One surefire way you can tell a joke has gone too far: when the FBI turn up at your door.
What else do you expect to happen when you’re the person behind a global commitment to raid, arguably, the most confidential area in the world?
Well, that’s what’s happened to Matty Roberts, who captured the internet’s imagination with the viral Facebook event ‘Storm Area 51, They Can’t Stop All of Us‘ – which two million people have signed on to attend, and an additional 1.5 million have logged that they’re interested.
Check out the KTNV Channel 13 Las Vegas report below:
The description of the event reads:
We will all meet up in Rural Nevada and coordinate our parties. If we Naruto run, we can move faster than their bullets. Lets see them aliens.
Cue Ron Burgundy saying: ‘Boy, that escalated quickly.’ The laughs started to dry up as officials addressed their concerns: first of all, United States Air Force spokeswoman Laura McAndrews said: ‘[Area 51] is an open training range for the US Air Force, and we would discourage anyone from trying to come into the area where we train American armed forces. The US Air Force always stands ready to protect America and its assets.’
Then, the FBI turned up. Roberts said he got a call from his mum telling him they were there, and, naturally, he was scared.
As reported by ABC15, Roberts said:
I was kind of scared at this point, but they were super cool and wanted to make sure that I wasn’t an actual terrorist making pipe bombs in the living room.
Roberts explained that the FBI wanted to check he wasn’t receiving death threats and that nobody is trying to radicalise the event.
As would-be attendees entered the millions, Roberts panicked when Facebook removed the event for violating its community standards. He had created a separate event for an Area 51 festival, but couldn’t divert people’s attention to the other (more sensible) option – thankfully, Facebook reinstated the page.
I was kind of scared, because I am trying to advocate people to go to safer options and then I lost the platform to do that. As far as Facebook goes, I just want to thank them for putting the event back up. So that way, we do have that organization to point people about the safer option.
The newly restored page has a link to the website which has more information about the festival and there’s even Naruto running-related merchandise for the truly dedicated followers to get their hands on.
The website explains:
We’re meeting in the town of Rachel, NV- the closest town to Area 51! We travelled out into the desert to speak directly with land-owners about creating an event for people to celebrate the unnatural… they’re totally on board!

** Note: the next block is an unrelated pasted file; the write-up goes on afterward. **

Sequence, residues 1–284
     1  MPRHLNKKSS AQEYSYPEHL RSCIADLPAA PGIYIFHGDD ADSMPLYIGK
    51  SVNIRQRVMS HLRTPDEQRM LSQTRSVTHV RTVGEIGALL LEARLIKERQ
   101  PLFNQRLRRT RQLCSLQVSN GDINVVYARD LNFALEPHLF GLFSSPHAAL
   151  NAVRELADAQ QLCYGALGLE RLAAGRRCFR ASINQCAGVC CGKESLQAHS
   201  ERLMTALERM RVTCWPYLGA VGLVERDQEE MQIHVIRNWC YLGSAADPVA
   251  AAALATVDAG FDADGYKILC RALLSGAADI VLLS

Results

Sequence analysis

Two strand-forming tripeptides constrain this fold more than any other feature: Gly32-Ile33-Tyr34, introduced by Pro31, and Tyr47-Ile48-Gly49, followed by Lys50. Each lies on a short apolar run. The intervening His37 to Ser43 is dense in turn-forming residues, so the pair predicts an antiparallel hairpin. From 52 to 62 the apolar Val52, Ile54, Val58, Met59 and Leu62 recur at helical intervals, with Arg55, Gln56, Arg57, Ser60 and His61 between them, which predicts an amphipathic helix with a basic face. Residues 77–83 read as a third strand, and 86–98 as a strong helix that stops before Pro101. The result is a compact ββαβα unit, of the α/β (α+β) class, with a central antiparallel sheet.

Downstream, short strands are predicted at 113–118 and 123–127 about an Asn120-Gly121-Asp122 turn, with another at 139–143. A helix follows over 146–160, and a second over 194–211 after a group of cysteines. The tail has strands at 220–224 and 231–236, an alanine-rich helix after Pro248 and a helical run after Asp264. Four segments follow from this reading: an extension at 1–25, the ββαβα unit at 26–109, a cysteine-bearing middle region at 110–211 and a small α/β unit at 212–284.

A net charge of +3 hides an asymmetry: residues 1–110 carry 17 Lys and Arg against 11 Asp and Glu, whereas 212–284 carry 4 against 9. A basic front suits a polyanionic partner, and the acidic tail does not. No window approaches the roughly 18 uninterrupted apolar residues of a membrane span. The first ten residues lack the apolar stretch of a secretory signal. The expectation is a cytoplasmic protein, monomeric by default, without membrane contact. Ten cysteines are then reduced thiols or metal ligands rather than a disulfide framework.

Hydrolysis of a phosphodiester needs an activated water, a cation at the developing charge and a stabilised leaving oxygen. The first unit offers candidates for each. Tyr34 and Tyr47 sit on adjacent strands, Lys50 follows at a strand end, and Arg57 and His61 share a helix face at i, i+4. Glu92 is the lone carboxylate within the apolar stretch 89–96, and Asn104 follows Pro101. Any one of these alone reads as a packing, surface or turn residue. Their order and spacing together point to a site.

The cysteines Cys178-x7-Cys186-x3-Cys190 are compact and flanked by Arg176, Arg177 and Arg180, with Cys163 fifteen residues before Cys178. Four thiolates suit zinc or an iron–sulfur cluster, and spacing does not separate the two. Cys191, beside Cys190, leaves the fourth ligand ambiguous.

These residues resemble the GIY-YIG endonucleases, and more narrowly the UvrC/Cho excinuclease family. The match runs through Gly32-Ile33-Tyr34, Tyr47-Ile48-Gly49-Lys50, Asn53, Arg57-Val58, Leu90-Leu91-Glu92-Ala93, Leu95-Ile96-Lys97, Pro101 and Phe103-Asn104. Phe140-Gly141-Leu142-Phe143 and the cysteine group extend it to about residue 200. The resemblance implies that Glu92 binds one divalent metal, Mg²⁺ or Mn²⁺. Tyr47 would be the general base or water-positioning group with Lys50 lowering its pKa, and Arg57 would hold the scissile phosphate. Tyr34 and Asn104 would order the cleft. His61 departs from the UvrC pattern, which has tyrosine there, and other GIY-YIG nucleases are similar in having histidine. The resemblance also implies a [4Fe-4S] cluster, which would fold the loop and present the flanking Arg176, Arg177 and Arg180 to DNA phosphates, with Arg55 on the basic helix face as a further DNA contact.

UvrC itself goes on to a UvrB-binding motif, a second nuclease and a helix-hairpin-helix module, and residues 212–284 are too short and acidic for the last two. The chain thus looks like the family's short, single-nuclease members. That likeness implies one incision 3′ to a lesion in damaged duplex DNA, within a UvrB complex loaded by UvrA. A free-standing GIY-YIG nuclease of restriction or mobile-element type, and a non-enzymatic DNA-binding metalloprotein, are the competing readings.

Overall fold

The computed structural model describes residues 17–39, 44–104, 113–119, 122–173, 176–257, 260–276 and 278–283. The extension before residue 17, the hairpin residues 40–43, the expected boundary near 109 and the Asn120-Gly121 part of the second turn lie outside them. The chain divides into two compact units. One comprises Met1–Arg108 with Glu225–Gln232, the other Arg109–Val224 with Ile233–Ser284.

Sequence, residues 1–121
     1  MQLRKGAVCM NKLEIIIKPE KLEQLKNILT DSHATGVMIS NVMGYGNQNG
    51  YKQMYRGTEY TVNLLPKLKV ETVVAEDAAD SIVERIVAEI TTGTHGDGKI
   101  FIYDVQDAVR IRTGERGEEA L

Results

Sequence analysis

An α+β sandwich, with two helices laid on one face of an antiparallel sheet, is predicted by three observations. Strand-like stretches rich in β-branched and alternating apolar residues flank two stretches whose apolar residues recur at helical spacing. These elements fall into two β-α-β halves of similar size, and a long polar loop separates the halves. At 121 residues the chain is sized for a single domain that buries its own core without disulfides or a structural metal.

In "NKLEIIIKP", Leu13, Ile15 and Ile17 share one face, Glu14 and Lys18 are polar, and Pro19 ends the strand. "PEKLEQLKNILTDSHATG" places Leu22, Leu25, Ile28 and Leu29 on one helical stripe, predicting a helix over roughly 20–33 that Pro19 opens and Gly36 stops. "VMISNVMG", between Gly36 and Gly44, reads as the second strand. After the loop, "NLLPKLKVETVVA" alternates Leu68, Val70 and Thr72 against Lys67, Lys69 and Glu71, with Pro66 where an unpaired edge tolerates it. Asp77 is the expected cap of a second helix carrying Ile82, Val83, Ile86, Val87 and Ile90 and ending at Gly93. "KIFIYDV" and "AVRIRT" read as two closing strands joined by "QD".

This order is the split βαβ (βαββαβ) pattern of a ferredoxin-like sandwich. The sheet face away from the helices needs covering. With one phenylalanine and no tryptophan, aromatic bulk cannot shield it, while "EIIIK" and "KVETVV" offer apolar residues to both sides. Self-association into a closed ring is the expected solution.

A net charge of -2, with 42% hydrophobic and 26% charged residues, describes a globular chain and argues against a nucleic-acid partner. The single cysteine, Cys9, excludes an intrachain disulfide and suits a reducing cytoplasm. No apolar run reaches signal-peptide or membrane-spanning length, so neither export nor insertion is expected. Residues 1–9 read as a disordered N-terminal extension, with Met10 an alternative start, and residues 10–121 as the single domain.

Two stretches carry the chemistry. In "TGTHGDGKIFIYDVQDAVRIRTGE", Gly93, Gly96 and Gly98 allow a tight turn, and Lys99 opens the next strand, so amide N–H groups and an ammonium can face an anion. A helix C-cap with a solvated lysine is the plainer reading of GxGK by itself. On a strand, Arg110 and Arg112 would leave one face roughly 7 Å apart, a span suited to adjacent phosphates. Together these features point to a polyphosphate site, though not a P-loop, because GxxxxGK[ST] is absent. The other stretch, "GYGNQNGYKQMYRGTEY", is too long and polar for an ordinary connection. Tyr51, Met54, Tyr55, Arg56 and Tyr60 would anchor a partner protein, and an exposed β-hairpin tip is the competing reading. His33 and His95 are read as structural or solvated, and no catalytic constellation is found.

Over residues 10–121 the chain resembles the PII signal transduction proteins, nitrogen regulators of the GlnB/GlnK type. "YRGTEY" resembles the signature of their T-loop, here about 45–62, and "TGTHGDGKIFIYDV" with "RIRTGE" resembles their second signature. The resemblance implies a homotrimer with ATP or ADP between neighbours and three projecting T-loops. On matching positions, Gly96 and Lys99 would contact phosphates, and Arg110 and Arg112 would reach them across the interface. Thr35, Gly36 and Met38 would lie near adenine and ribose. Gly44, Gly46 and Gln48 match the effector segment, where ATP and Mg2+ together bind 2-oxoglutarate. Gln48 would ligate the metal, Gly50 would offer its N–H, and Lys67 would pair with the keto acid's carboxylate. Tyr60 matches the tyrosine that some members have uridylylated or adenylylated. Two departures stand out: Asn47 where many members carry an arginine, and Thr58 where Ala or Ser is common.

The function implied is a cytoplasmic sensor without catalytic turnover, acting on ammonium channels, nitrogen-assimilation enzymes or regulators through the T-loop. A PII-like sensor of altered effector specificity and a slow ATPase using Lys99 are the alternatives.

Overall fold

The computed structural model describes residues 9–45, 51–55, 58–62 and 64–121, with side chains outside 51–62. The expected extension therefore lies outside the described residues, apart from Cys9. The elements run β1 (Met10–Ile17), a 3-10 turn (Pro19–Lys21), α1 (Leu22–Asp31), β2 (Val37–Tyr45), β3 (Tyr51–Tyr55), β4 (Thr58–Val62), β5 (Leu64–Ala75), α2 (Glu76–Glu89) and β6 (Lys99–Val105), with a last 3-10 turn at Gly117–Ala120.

‘They’ can’t stop us all from meeting out there… lets have fun! Music, camping and arts will occur over the weekend until Sunday – we hope to see you there!
Roberts is coordinating with local business owners to try and ensure the event is as safe as possible – but one thing he wants to make clear is that he’s not in it to make a profit.
Profits would be fun, but I don’t want to be seen as a profit-driven guy. I don’t care about the money aspect; I never intended for this to become a real thing. Now, I want to make it fun, and I think just capitalizing on it and making a ton of money just ruins the idea of the grassroots idea of it.
It’s insane, and I just created a joke while I was playing video games and it has taken off to this wild monster. I want to make this something as a positive, enjoyable, safe, and profitable for the rural area of Nevada.
Area 51 is the common name of a highly-classified air force facility in Nevada, US. It is a popular speculation that the base contains information regarding extraterrestrials – whether it be files on UFOs, or aliens themselves.
The surrounding area is chock-a-block with hotel bookings, so if you’re planning on attending the festival, camping may be your best option.
Only time will tell whether any particularly keen (and moronic) alien hunters will try the impossible and actually head into Area 51.
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After graduating from Glasgow Caledonian University with an NCTJ and BCTJ-accredited Multimedia Journalism degree, Cameron ventured into the world of print journalism at The National, while also working as a freelance film journalist on the side, becoming an accredited Rotten Tomatoes critic in the process. He’s now left his Scottish homelands and took up residence at UNILAD as a journalist.